Use of Biochemical Endpoints to Determine Relationships between Contaminants and Impaired Fish Health in a Freshwater Stream

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Abstract:

Bayou Bartholomew is a low gradient stream predominantly influenced by agricultural inputs and stormwater discharge from the urban areas of Pine Bluff, Arkansas. Preliminary studies indicated induction of hepatic cytochrome P450 1A protein (CYP1A) and CYP1A-catalyzed enzyme activity (ethoxyresorufin O-deethylase-EROD) in several fish species collected in the waterway, which meanders through residential areas of Pine Bluff, and forested regions in the outskirts of the city. Largemouth bass (Micropterus salmoides) showed CYP1A repression and a lack of correlation between CYP1A and EROD activity. In addition, hepatic heme oxygenase activity was elevated in several species and demonstrated an inverse relationship with hepatic CYP1A. Hepatic metallothionein was unchanged in any species collected from these locations. Four years after this evaluation, sediments were collected and analyzed for agents that could be mechanistically consistent with the biochemical responses observed. Utilizing seven criteria for causality, these data indicated that PCBs appear to be at least one group of agents responsible for the biological effects observed in fish species from the upper Bayou Bartholomew. While this supports causality under the criteria, further studies in this waterway would strengthen the relationship between this class of compound and the effects observed in resident fish species.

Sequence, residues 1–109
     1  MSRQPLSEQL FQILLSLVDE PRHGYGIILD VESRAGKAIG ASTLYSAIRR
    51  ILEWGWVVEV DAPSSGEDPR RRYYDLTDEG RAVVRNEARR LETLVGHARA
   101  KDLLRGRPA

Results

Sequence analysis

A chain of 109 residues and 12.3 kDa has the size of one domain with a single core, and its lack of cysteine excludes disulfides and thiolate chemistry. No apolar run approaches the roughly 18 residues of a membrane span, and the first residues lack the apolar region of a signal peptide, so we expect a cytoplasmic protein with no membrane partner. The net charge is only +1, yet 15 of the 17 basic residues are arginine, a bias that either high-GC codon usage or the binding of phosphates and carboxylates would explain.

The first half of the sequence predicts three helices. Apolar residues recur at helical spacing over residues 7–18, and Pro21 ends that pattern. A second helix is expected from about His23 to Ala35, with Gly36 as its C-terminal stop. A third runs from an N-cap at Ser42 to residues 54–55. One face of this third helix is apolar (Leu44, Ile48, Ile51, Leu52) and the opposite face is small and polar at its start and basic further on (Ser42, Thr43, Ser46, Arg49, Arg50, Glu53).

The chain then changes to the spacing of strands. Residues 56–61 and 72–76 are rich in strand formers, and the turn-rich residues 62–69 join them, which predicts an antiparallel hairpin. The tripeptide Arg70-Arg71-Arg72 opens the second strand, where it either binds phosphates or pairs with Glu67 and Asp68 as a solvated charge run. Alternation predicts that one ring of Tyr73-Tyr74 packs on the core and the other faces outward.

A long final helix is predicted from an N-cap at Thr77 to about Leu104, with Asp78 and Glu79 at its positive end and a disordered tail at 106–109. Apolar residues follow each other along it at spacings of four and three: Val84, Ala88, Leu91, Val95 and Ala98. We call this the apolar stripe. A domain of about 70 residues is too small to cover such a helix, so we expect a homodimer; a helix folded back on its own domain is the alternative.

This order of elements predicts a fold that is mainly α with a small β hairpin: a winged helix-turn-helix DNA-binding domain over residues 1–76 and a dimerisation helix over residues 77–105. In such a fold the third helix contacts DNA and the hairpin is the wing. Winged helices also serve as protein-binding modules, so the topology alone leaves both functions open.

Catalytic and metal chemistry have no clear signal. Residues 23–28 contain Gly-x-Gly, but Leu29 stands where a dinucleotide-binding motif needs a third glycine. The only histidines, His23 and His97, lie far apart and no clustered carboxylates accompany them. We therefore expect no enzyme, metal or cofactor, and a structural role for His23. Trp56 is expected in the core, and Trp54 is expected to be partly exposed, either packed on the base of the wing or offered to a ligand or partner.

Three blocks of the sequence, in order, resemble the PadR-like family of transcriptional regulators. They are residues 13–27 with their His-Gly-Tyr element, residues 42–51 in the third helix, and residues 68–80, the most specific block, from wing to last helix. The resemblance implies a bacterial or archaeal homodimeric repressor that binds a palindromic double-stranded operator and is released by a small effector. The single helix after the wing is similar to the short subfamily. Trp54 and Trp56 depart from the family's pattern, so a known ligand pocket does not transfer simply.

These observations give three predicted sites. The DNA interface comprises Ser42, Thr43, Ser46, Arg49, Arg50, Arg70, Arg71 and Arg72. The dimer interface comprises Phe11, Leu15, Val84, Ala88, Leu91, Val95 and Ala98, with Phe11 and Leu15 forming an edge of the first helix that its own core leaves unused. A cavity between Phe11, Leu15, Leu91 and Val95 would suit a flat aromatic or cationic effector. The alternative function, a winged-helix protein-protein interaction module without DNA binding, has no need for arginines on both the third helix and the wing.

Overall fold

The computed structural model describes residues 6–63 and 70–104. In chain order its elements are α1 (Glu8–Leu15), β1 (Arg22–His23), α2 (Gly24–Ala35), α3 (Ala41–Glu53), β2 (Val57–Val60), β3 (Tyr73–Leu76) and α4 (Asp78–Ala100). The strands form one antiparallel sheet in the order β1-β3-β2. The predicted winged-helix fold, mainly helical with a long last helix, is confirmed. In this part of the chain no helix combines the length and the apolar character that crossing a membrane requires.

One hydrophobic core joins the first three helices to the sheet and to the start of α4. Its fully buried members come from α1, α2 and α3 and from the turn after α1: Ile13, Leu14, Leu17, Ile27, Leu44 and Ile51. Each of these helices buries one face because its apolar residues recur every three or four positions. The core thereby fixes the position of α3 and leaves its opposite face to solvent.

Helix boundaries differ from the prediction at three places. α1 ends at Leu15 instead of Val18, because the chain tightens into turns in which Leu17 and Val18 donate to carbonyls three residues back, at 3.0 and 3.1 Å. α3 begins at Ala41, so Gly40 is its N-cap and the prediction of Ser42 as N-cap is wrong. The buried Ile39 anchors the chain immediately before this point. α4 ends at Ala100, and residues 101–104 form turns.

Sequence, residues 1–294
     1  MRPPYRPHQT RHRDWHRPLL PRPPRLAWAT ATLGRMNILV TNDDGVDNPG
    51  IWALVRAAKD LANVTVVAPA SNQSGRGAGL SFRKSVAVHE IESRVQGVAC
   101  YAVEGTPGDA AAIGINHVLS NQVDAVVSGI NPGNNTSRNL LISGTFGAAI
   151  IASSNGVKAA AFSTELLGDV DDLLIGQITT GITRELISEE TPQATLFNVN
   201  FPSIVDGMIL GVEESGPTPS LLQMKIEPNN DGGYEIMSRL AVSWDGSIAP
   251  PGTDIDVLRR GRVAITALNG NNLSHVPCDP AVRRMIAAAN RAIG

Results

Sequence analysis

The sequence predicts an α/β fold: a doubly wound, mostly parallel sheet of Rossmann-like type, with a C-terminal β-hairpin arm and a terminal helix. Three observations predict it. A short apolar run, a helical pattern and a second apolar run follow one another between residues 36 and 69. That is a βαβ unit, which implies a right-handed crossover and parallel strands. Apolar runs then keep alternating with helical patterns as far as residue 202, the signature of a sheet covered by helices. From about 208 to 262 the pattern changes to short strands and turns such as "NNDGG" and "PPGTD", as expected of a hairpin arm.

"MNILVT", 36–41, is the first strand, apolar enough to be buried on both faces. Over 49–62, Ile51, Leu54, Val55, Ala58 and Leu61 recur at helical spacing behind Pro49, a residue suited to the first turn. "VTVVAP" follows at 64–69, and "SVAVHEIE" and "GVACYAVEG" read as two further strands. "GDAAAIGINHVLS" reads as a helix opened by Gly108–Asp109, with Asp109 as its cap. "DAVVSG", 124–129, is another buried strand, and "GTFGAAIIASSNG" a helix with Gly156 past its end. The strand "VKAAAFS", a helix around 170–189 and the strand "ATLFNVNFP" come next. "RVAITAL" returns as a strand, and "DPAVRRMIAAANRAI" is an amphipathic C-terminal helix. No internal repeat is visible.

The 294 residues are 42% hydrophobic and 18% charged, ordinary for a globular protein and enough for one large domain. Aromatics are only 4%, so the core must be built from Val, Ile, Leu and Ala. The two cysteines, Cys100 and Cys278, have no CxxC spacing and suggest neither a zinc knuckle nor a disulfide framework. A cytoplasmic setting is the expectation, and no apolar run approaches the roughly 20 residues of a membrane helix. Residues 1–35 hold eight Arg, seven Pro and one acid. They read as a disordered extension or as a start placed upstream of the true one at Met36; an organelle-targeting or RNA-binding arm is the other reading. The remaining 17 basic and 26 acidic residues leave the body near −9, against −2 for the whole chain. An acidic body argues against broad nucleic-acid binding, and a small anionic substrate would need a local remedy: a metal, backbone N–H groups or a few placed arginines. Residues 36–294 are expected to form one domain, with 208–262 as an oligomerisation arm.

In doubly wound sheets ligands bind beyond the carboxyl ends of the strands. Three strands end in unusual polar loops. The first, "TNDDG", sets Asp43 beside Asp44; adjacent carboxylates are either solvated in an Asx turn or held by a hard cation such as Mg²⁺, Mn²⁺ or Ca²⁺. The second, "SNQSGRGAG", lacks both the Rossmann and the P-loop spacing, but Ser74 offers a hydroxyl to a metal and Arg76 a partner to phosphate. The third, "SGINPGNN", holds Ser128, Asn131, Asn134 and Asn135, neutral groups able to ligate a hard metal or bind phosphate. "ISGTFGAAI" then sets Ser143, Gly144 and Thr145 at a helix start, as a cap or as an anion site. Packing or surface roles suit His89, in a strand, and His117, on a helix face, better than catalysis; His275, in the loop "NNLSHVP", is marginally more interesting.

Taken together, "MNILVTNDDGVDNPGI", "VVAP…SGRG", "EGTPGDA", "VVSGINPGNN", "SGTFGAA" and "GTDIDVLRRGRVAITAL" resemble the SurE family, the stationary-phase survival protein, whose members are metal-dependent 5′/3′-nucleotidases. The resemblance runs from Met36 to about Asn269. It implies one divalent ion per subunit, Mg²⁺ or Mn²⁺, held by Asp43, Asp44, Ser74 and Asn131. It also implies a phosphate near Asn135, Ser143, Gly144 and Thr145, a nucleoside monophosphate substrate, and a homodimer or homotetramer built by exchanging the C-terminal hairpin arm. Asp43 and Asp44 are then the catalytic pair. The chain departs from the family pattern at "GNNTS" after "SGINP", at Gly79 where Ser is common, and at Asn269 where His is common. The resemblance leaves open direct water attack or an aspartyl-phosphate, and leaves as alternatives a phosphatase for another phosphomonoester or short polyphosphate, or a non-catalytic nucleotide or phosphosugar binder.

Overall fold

Keywords: CYP; EROD; PCBs; bioindicator; biomarker; heme oxygenase

Document Type: Research Article

DOI: http://dx.doi.org/10.1080/713609852

Affiliations: Environmental Toxicology Program, Department of Environmental Sciences, University of California, Riverside, Riverside, CA 92521; Tel(voice): 909-787-2018, Tel(fax): 909-787-3993; daniel.schlenk@ucr.edu

Publication date: January 1, 2003

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